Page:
Sri Lanka’s Iran crude imports may drop up to 20%

Wednesday, 11 April 2012 00:38 -     - {{hitsCtrl.values.hits}}

  • Sri Lanka will continue Iran crude, but will have to reduce
  • Sri Lanka indirectly penalised by US sanction – Basil

Reuters: Sri Lanka could trim Iran crude imports up to 20 per cent in the face of US sanctions, the island nation’s economic development minister said on Tuesday as it had taken strong measures to cut oil imports through higher fuel prices and interest rates.

Economic Development Minister Basil Rajapaksa said moves that are in place to avert a balance-of-payments crisis will reduce the Iran crude imports.

“We are not saying that we are not buying from Iran. We will continue to buy, but we will have to reduce some percentage. It can be around 15-20 per cent,” Rajapaksa told Reuters in an interview.

“Sometimes, even if we like to do it we will be forced to reduce it, because of the problems involved with transferring the payments and money,” he said referring to potential blacklisting by the US authorities.

Sri Lanka is facing one of the biggest squeezes from the impending sanctions, despite being a small player in the world crude market, since its sole refinery is set up in such a way it can only process crude from Iran and a handful of other suppliers.

The country has raised the key policy rate twice since February to two-year highs, allowed flexibility in the rupee exchange rate, increased fuel, transport, and electricity prices, and limited commercial banks’ credits to 18 per cent from last year’s 34 per cent.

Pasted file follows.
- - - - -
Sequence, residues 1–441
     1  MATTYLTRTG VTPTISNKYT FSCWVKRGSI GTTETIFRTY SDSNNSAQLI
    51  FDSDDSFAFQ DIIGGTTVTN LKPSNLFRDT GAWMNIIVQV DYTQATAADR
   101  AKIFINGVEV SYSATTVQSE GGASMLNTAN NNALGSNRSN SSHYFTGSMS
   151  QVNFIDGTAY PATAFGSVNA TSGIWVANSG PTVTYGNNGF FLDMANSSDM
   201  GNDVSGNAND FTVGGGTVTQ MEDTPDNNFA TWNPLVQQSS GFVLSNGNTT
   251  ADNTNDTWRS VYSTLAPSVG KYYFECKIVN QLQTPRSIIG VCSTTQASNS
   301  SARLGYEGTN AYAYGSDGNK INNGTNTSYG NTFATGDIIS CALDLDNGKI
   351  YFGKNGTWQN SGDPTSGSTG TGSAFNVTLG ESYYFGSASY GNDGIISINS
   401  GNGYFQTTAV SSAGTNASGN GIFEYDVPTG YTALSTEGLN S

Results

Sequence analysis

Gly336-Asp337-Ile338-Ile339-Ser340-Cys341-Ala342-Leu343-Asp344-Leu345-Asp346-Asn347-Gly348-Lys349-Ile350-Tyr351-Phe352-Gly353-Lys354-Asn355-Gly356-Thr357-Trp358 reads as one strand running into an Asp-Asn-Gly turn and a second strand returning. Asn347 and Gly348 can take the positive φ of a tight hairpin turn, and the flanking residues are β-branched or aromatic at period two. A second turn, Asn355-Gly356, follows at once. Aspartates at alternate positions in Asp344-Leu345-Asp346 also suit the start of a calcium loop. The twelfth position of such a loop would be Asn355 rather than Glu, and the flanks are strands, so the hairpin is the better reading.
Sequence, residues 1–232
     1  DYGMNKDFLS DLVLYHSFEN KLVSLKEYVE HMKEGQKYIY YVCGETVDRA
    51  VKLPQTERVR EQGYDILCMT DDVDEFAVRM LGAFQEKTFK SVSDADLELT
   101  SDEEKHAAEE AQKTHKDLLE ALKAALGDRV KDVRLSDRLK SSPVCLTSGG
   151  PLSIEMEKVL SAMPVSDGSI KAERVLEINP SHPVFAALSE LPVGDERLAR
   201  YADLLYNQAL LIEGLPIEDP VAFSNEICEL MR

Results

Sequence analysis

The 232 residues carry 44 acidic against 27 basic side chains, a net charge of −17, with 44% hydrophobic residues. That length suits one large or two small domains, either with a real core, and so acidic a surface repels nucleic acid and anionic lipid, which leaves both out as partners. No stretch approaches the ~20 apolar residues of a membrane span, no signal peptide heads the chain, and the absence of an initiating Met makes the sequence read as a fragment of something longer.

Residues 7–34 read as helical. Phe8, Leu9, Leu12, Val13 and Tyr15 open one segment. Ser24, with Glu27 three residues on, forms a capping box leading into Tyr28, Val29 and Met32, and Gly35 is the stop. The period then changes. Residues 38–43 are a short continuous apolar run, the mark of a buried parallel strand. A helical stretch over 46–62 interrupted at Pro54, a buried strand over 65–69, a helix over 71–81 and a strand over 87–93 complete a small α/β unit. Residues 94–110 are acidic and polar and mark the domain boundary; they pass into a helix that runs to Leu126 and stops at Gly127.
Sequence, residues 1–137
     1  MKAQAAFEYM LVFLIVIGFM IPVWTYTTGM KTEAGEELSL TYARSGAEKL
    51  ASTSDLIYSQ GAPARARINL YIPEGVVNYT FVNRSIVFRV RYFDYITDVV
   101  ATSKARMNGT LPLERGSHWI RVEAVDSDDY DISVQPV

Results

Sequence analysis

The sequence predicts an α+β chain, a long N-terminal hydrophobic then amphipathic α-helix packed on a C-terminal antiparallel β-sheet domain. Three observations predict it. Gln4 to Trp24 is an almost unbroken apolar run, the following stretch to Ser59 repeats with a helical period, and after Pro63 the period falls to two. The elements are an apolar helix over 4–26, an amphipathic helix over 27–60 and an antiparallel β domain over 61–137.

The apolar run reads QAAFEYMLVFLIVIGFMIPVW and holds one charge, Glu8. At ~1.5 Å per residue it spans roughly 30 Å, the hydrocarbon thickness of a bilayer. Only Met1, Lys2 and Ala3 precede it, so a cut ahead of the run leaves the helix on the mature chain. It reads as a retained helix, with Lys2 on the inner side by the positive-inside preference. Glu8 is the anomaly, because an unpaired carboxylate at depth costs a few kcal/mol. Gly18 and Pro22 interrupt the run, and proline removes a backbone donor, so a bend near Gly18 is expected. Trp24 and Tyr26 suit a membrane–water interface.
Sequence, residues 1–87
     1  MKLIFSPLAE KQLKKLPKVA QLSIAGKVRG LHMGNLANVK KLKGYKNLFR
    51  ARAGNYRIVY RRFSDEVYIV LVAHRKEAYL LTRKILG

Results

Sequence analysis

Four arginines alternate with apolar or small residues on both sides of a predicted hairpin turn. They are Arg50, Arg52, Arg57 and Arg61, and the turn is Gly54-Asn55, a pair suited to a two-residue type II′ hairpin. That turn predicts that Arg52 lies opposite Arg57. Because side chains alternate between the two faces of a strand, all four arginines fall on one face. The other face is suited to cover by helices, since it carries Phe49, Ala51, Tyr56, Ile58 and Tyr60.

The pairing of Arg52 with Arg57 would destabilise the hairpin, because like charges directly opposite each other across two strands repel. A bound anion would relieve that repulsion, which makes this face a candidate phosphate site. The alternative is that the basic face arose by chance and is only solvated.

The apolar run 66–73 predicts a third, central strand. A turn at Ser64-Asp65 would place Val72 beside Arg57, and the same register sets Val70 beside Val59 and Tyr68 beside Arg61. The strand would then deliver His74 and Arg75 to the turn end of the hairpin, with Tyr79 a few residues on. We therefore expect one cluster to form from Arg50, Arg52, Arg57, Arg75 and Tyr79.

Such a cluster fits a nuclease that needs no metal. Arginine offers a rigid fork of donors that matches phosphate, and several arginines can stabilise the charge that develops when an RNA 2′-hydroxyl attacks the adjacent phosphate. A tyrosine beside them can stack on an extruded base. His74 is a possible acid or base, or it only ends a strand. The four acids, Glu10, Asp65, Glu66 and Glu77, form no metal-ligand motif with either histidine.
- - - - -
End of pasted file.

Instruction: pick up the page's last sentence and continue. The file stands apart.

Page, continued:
So far, Sri Lanka’s policy response has been to seek cargoes from Oman and Saudi Arabia to offset its huge reliance on Iran, which supplied 93 per cent of the crude oil last year to its only refinery, the aging 50,000 barrels-per-day Sapugaskanda plant.

Switching to alternatives is not easy because the refinery has been configured to handle Iran’s high-sulphur and high-density crude oil.

“We are penalised indirectly,” Rajapaksa said sitting in his office surrounded by heaps of documents.

Sri Lanka ended a 25-year civil war in May 2009, triggering an investment boom supported by a $2.6 billion International Monetary Fund loan.

Economists have warned the post-war optimism is waning, blaming inconsistency government policies that have created uncertainty among foreign investors.